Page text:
WWBW: Now, you have an endorsement with B&S, right?
Mark: Right, uh-huh. I'm playing the 3137, the Challenger 3137. It's just a brass horn with the gold brass lacquer. No modification whatsoever. I got a new one from them two years ago.
Those years when I was struggling to come up, only having one horn, when I could get other horns, I've overcompensated for it now I guess. So I have a few. I have a few of this exact one that I play every day. But when they gave it to me right out of the case, it played great. I didn't have any transition whatsoever. And that's really cool. At one time they called this the Mark Pender model, but I don't think they do that anymore.
WWBW: Sales just went south immediately ... [laughter]
Mark: They took my name off of it and it sold a lot more right away. [laughter]
Jerry: I had a relationship with B&S when it was Gemeinhardt. It was his family's several-hundred year old company. Now Buffet has bought them and is distributing them worldwide, and I cannot say a bad thing about them. They're lovely people. They treat me with a lot of respect. There's a charity event that I've been involved in, in the Kansas City area where I grew up, called the Band of Angels. What they do is they take old horns that people donate and they fix them, and they give them to kids that can't afford them. Last year I did one of their fundraisers, and Buffet, the president of the company comes down, and they award kids with brand new, professional quality horns. It was a pretty powerful, emotional moment.
WWBW: That's fantastic.
Jerry: For kids who were really starting to get good, but were having trouble with their families, and financially. Broken homes and stuff like that. And the tears that were coming down these kids' faces. To have Buffet, first of all, fly their top executive from Florida to come and just hang out, and then the gesture they made while they were there, it was pretty overwhelming.
I think their idea should be expanded. I keep telling them, "You've got to go national with this." We were down in New Orleans. Myself and LaBamba, we did the Seger sessions tour. We played Jazz Fest with Bruce Springsteen. I think we were the main stage the year after Katrina. The night before, we were hanging out on the street, and a brass band came by. These kids just lost all their horns and stuff. And some of them were just getting their horns. It was one of those days where I had some cash in my pocket, and I'd played with these guys on the street for an hour. First, they looked at me, like, what does white guy want to do with us? And once I started jamming with them, they really enjoyed it. But I ended up giving these kids cash on the spot.
Mark: That was why they accepted you. [laughter]
Jerry: That was after an hour and they still let me play. Seriously though, it was really heartbreaking. People lost their home and stuff. And their horns. And they were good players, too. These were kids that had some really powerful tones.
WWBW: La Bamba, what's your gear setup? Is that a King?
La Bamba: A King 3b.
WWBW: That's the one.
La Bamba: 7C mouthpiece. Nothing fancy.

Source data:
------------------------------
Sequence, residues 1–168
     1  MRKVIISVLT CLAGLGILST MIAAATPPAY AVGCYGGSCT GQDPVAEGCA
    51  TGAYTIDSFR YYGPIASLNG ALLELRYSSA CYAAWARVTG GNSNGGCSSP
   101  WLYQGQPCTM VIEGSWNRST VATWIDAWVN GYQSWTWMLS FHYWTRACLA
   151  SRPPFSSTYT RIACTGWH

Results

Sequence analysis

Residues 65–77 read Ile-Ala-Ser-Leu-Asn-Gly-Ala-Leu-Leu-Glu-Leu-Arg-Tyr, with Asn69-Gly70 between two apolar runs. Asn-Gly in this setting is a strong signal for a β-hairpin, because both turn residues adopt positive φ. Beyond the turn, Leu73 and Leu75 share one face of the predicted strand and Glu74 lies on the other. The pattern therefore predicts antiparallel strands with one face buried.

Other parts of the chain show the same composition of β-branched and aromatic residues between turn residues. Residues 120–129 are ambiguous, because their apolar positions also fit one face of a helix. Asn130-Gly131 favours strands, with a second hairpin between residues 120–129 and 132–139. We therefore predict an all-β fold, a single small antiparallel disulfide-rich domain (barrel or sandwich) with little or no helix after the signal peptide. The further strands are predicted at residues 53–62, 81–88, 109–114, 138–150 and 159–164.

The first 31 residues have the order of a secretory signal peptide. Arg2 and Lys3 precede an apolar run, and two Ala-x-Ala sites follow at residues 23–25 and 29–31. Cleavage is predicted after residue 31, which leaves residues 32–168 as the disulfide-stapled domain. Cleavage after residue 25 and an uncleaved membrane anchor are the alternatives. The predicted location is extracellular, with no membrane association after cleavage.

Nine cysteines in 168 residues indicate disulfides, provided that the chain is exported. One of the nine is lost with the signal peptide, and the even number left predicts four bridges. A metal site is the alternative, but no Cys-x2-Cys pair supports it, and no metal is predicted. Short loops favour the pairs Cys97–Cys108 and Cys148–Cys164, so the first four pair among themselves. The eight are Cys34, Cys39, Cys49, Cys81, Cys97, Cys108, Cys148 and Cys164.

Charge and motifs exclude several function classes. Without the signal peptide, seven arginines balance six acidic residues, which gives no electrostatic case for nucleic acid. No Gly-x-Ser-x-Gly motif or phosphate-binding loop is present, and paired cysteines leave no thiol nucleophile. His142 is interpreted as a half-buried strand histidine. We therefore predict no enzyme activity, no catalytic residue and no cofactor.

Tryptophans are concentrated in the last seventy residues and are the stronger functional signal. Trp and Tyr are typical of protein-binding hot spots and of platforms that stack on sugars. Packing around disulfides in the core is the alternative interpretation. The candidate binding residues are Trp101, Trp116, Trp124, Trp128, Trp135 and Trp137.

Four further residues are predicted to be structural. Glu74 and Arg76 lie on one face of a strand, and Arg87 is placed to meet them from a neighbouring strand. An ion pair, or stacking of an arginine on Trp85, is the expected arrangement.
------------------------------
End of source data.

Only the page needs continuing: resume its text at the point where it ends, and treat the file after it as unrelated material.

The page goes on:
WWBW: Which 3B is it?
La Bamba: Silver Sonic. I have another one of these and I have a 2b.
WWBW: That's been your equipment for a long time?
La Bamba: Yeah. I have a brass one that was given to me from a friend whose father passed away and he wanted to send it to somebody. So he contacted me.
WWBW: Having a provenance on an instrument is nice, know where it came from. Where it's been.
Jerry: La Bamba plays euphonium, too.
WWBW: Oh, yeah? You ever break it out on this gig?
Mark: He has.
WWBW: What is it?
Mark: It's French, right? It's a, it's a ...
La Bamba: Besson, yeah.
WWBW: You know, in those big, British brass bands, the euphonium is the guy who gets the girl.
La Bamba: Oh, really? [laughs]
Mark: That sentence is just wrong.
WWBW: The euphonium player is the guy that gets the girl.
Jerry: English brass band, the euphonium guy gets the girl. I don't think that's ever been said before.
WWBW: So La Bamba's going to get his ticket to London to see if it's true. So Mark, La Bamba is playing pretty much the same mouthpiece he was using in fifth grade, the 7C. Nothing fancy, he says. What about you?
Mark: I started playing Jet-Tone mouthpieces. The Dave Stahl custom model. A very weird mouthpiece to get married to. And the old man, I think, passed away, the guy who created Jet-Tone.
Mark: And finally I called Woodwind & Brasswind. I said, "Hey, man, I don't know what's going on with these mouthpieces. They look like the old Jet-Tones, but don't play like them." And he knew exactly what I was talking about. He hooked me up with a guy who had, like, sacks full of Jet-Tones.
WWBW: The originals?
Mark: Vintage, original Jet-Tone mouthpieces, and I bought a few from him. And that, to me, typified what my experience with Woodwind & Brasswind was when I first started buying stuff from them.
It wasn't so much that he was worried about I was going to buy another thing from Woodwind & Brasswind. It's, like, you know, you're not getting what you want, but I can help you get it.
WWBW: How about clinics?
Mark: I did do some stuff with Buffet and B&S. Most of the focus, though, was not on trying to get guys into professional level, but was trying to get kids from middle school age up to just start improvising. Like, here's a couple of notes. And the kids would leave the school or the store, like, "OK. I can improvise." Even if we're just giving them five notes. Instead of being afraid of it. I know coming up in high school, there was nobody who really improvised around me.
WWBW: It was a tremendous mystery for me at that point.
Mark: Yeah. 15, 16 years old.
Jerry: At that level. But if you do, like, I'll do a clinic at a college, and these kids ...
WWBW: Yeah. Burning.
Jerry: They cut me sometimes. So basically, what you're teaching there is how did you get from point A to point B. And I think this is something they don't teach in school. How do you get gigs? How do you work? A degree doesn't mean anything if you don't network properly.
WWBW: How do you get gigs? I'm really curious about that. [laughter] Show up on time, don't swear at the boss?